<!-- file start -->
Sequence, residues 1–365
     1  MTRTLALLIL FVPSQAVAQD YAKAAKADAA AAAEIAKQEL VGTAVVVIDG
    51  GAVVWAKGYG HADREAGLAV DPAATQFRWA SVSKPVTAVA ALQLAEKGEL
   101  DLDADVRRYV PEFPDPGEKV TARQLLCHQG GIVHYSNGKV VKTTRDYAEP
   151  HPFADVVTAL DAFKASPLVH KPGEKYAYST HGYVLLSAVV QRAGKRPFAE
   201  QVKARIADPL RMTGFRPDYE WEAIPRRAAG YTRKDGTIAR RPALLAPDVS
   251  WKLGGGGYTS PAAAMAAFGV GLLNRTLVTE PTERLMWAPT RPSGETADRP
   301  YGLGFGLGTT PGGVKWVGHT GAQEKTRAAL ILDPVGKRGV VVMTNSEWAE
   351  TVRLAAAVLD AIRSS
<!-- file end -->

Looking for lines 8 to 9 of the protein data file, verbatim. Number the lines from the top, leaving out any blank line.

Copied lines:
   301  YGLGFGLGTT PGGVKWVGHT GAQEKTRAAL ILDPVGKRGV VVMTNSEWAE
   351  TVRLAAAVLD AIRSS